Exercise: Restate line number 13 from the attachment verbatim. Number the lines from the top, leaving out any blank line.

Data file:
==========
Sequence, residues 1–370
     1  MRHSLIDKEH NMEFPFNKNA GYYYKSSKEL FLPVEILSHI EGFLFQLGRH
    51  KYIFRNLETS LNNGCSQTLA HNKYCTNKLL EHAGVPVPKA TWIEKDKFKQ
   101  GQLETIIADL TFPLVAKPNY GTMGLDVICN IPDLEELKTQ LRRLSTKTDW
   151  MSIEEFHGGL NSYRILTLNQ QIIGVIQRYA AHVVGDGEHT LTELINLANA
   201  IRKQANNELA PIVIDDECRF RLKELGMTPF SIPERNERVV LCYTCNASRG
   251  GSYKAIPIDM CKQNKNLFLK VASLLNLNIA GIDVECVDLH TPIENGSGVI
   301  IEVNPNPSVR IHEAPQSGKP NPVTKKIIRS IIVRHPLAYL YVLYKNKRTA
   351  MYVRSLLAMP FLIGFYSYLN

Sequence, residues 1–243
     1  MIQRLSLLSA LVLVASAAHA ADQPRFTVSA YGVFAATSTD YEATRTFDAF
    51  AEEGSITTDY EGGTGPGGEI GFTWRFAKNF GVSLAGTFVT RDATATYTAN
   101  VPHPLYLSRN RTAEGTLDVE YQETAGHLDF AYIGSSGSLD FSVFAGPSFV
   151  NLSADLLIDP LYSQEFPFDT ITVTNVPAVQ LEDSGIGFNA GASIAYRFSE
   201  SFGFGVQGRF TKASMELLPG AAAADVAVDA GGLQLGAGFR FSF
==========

   101  VPHPLYLSRN RTAEGTLDVE YQETAGHLDF AYIGSSGSLD FSVFAGPSFV